6. As women and children are the primary targets of trafficking, the AF Bureau will work with our West African posts to raise host country and international awareness of the vulnerability of these female and child populations. The Governments of Benin, Burkina Faso, Cameroon, Cote d'Ivoire, Ghana, Gabon, Mali, Nigeria and Togo have shown signs of greater awareness, and to varying degrees, are actively engaged in combating the problem. Forms of child trafficking include the traditional practice of child placement for work in the informal commercial sector, agricultural work, domestic servitude, and begging. The trafficking of women tends to be primarily for sexual exploitation and is often conducted by traditional criminal elements. Though the forms and destinations of trafficking vary widely, trafficking victims often work in very difficult and hazardous conditions and in some instances are essentially slaves, held against their will and receiving little or no wages. Many women and girls who are victims of trafficking find themselves working in the commercial sex industry in Africa and Europe. Criminal elements frequently use deception and false advertising to recruit these female victims of trafficking.
7. The US must work cooperatively with host country governments in devising clear short- and long-term strategies to legislate against, enforce and prosecute the traffickers who engage in the buying and selling of persons. Mechanisms must be put in place to educate the population concerning the methods recruiters use. We must also work to rescue those victims of trafficking who are able to escape and who need protection, education or training in order to be reintegrated into society and lead normal, productive lives. Prevention efforts aimed at addressing some of the root causes of trafficking, such as lack of adequate economic opportunities, will also be emphasized.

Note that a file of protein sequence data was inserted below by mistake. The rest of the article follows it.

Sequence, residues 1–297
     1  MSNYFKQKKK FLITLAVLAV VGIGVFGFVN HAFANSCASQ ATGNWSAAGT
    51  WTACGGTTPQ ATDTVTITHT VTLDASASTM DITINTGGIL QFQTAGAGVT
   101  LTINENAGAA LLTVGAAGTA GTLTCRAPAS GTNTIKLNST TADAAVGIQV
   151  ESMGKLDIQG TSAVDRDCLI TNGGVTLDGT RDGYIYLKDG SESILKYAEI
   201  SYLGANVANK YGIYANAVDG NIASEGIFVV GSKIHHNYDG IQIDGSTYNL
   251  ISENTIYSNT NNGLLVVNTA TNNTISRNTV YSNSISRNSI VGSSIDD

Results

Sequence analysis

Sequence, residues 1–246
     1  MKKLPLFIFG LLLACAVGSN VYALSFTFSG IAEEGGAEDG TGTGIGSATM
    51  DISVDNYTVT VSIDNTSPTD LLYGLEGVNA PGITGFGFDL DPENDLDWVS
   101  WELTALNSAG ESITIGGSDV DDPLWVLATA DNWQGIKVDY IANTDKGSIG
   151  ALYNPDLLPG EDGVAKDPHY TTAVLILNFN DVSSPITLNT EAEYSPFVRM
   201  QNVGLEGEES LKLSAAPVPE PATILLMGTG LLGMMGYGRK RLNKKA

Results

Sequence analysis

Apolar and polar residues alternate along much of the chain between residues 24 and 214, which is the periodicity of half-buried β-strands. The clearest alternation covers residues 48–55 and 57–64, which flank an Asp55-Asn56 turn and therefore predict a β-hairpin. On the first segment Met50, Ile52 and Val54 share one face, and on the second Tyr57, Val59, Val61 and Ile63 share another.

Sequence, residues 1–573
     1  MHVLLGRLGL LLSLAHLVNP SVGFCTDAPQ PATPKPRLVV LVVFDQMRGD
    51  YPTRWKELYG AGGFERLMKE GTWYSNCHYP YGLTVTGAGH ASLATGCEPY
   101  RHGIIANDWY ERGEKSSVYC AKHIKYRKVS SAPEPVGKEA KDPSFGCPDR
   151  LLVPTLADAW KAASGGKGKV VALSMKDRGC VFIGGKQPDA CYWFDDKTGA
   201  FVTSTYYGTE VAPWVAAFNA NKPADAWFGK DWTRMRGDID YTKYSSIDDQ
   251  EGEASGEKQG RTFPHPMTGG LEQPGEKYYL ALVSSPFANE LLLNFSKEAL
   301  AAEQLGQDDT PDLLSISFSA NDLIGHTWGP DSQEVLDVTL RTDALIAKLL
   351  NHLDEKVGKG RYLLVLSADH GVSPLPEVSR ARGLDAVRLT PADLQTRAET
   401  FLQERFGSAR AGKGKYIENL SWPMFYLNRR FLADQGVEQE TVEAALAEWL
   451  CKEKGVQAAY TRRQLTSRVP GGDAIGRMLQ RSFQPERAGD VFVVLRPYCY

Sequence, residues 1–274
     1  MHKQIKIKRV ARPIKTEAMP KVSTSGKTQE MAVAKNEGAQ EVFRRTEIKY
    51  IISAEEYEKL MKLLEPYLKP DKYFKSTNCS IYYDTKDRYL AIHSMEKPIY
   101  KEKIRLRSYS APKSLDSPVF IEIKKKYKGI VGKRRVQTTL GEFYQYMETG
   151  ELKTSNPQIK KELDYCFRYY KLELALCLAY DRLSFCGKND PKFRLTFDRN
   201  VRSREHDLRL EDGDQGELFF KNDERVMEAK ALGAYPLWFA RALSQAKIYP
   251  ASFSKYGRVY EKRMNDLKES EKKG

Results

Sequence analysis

8. In order to effectively combat trafficking in West Africa (and by extension to Africa as a whole) there is a clear need for a coordinated and integrated regional approach. The AF Bureau, in partnership with G/TIP, INL, DRL, PRM, and IO, is launching a comprehensive regional strategy to combat trafficking of persons in West Africa. This strategy will be coordinated through the regional trafficking coordinator in Lagos, posts in countries most affected by TIP, USG agencies and international donor efforts. Given the limited available resources and many competing demands, it is important to pursue an approach that seeks to identify those areas that will ensure the maximum effect, to complement existing efforts, and to find out from West African governments what they think would help.
C. Bureau Strategy
9. Definition and Scope: This strategy will use the definition of trafficking in persons incorporated in the UN Transnational Crime Convention's Protocol on Trafficking in Persons: